Bryce Harper has the star power, but New York Mets outfielder Brandon Nimmo can give the team in Flushing just as much production at a fraction of the cost.
On initial inspection, these two 2018 seasons don’t look too dissimilar: one outfielder hit .249 with a .393 OBP; the other – a member of the New York Mets – went .263/.404. Both had an extra-base hit every ten plate appearances with the first outfielder slugging .496 for an OPS of .889; the other: .483/.886. The first outfielder struck out once every 4.1 plate appearances; the other: once every 3.8.
According to Baseball Reference, the first outfielder had a 4.2 oWAR in 2018 while the Met earned a 5.1 oWAR even though he made 160 fewer plate appearances. Both will be 26 years old throughout their 2019 regular seasons.
Now for the differences. According to Baseball Reference, the first outfielder compiled a -3.2 dWAR in 2018, which was the second worst for any player at any position in MLB. The other admittedly wasn’t stellar at -1.0. However, the first one will earn an average salary of slightly over $25 million for the next 13 years; the other will make $598,285 in 2019. The first player is Bryce Harper; the second player is Brandon Nimmo. If I’m Mets GM Brodie Van Wagenen, why would I have any interest in Harper? I already have a similar ballplayer in Nimmo.
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Outrageous you say? To a certain degree, yes. Brandon Nimmo has 830 career plate appearances as he enters his second full season. Bryce Harper will be entering his eighth year. However, Harper has only achieved Nimmo’s 5.1 oWAR in one season: his 22-year-old campaign (2015) when he led the National League with a 9.1 oWAR.
And last year’s dWAR was staggeringly bad. Only new teammate Rhys Hoskins (-3.6) had a worse dWAR stat in 2018. For those that think this was an outlier, it was. However, Harper hasn’t achieved a positive dWAR since 2015 (+0.4), producing subsequent dWARs of -0.9, 0.0, and -3.2 – eye-opening considering his arm strength and speed. This tells a GM that he was either playing to not get injured, playing through an injury and didn’t make it public, didn’t care, or the -26 defensive runs saved last year was truly an aberration.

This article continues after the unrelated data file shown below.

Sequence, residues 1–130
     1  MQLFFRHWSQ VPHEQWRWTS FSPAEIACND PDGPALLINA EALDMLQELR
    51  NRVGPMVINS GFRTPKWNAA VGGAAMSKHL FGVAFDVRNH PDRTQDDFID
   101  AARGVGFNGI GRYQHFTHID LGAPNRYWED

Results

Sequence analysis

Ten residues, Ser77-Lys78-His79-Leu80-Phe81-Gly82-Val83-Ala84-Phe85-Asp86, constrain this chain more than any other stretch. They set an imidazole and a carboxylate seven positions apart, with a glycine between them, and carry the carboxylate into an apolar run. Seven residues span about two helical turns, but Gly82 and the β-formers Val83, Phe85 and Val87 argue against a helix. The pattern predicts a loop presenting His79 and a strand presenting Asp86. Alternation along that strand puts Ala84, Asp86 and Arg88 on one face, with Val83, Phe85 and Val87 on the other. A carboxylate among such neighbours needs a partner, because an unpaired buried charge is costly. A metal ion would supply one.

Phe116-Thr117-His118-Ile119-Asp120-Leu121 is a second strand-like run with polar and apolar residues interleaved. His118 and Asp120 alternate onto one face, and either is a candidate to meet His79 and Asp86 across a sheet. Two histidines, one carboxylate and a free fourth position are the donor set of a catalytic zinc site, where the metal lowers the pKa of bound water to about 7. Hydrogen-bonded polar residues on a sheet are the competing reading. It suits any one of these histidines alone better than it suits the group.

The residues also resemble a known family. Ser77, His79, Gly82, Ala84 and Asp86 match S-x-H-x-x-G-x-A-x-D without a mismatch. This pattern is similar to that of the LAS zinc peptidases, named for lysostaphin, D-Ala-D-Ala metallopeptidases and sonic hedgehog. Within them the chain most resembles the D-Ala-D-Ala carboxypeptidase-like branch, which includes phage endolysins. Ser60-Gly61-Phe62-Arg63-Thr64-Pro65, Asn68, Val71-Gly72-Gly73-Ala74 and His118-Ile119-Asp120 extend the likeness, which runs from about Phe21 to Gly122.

Based on the 15 or so games I saw him play last year, I will choose door #3: poor attitude. Whether or not my assessment of his approach to defense is correct, one thing is for sure: a repeat performance is not going to help a Phillies team whose defense was wretched in 2018, finishing dead last in the majors with a team dWAR of -13.3. (It should be noted the Mets were second worst at -9.2.)
Even if there was a budget for Harper, the new GM already has a 26-year-old who put up slightly better stats in 2018 and will cost the Mets 2% of Harper’s cash hit ($20 million signing bonus plus $10 million base salary versus $598,285 for Nimmo) in 2019. And there is little doubt concerning Nimmo’s effort as his unbridled pleasure playing the game – he’s the only player in baseball who’s excited when he gets hit by a pitch – is sure to be a positive influence on his teammates once again.
Yes, Harper has hit a home run every 18 ABs for his career while Nimmo hit one every 25.5 ABs during his 2018 season. And Harper will surely hit home runs at even a greater clip in Citizens Bank Park, but Nimmo out-tripled Harper 8 to 0 in 2018, which again points to Harper’s hustle or lack thereof. If he played through injuries, it can be excused. Otherwise, how does a player with above average speed not produce one triple in 695 plate appearances?
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Nimmo may slide back in 2019 as pitchers adjust. His strikeout frequency is high for an otherwise ideal leadoff hitter, but from this fan’s perspective, I’d rather see Nimmo in the outfield over Harper. Van Wagenen is wise to deploy the Mets’ budget elsewhere.